These recommendations can be converted to per-cubic foot quantities for growing in pots. This can be an especially effective way of quantifying organic nutrient inputs, where EC measurements aren’t applicable. Please see Cannabis Crop Solutions, LLC’s December 2018 newsletter (in the website’s newsletter archive at www.cannabiscropsolutions.net/newsletter-archive), for detailed information regarding nutrient calculations. Carefully observe your plants reactions to various application rates and use these observations along with yield data to determine optimal nutrient levels.
Sea of green, screen of green, monster plants, and in-between
I’m often asked the question “how much do you yield per plant?” I always answer that aside from the genetic potential of each strain, it depends on how big I grow the plants. As growers know, Cannabis is considered a short-day ﬂowering plant, because it will only ﬂower when it receives 12 hours of light or less per day. This means that you can elongate the length of the vegetative period (prior to ﬂowering) indeﬁnitely, by providing more than 12 hours of light — most commonly 18 hours of light and 6 hours of darkness. Doing so will allow you to grow cannabis plants as big as you prefer. Growers tend to develop a preference for small, medium, or large plants, depending on their overall strategy for production, whether they are growing indoors or outdoors, and whether local laws restrict their plant count.
There are advantages and disadvantages to each size of plant, and several different training techniques can be used. When growers root clones and then immediately place them under 12 hours of light to keep them as small as possible, they are using the ‘sea of green’ technique. Vegging plants for an extended period and weaving them through a horizontal trellis is known as the ‘screen of green’ technique, which can be used to grow medium to very large plants. Plants can also be topped to make them bushier, or left un topped to produce a dominant cola, and vegetated for a couple of weeks to a few months, to develop medium to monster-sized plants.
The biggest advantage of the sea of green technique is a fast turnaround time for each crop. Forgoing the vegetative stage means as rapid of a production cycle as possible. This could help increase annual yields and reduce the time that pests and pathogens have to multiply on a crop should they ﬁnd their way into your garden. Individual plants are also easy to harvest and move if necessary, with each plant typically only requiring one stake to support its single dominant shoot. The need for stakes can be eliminated at the expense of a loss of mobility, by allowing the plants to grow through a horizontal trellis for support.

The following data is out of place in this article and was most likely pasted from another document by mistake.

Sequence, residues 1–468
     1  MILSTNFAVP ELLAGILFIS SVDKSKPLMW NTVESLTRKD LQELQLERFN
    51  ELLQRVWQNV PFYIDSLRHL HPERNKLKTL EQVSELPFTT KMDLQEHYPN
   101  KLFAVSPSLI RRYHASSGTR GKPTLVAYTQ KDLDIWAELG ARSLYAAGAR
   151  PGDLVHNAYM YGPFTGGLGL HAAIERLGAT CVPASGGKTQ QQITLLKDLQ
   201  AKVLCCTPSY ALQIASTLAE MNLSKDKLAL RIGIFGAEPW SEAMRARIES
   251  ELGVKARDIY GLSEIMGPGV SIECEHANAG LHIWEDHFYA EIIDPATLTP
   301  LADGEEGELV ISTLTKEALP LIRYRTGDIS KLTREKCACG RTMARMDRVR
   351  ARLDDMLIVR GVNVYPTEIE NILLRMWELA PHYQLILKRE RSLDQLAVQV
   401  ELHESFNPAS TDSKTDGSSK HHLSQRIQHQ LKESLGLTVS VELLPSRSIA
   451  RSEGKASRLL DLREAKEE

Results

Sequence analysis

Another plus of sea of green is that with proper pruning and adequate spacing, bud quality can be quite uniform throughout the crop. Lower axillary shoots should be removed, leaving the shoots subtending fan leaves to produce photosynthate for the main cola. Proper spacing (in this case close spacing) will have the physiological effect of discouraging branching, and encouraging competition amongst individual plants, thereby promoting dominance of each plant’s central cola. Be sure not to cramp plants too much, which will increase the risk of powdery mildew.
The biggest disadvantage of the sea of green style is the large number of plants needed to populate your ﬂowering space. For example, with just a couple of weeks of vegetation 4 plants will completely ﬁll in a 4 x 4 space; that same space would require about 16 to 25 plants in a sea of green scenario. This large difference in plant count may be legally restrictive and will also require at least 4 times more clonal propagation. Extra propagation requires more space for mother plants, more space for clones to root, and more labour. For most growers, extra propagation space means less area will be available for ﬂowering, which you should factor in when estimating potential yearly yields.
Screen of green (SCROG) is a popular technique for home growers with relatively small gardens and can also be used in commercial production. However, it doesn’t work with all varieties of cannabis. Plants that are too woody will not bend easily enough to weave them through the horizontal trellis and will quickly grow up through it despite your best efforts.
Afghani plants and auto flowering plants with compact growth habits are also incompatible with SCROG. Vigorously growing hybrids are best suited for this technique, especially those that are naturally branchy and lanky. Secure your trellis about 6 inches or so above newly planted clones, and then top the clones to help them branch out. As the axillary shoots elongate, tuck their tips under the nearest lines of trellis netting, spreading them in a radial fashion outwardly from the plants.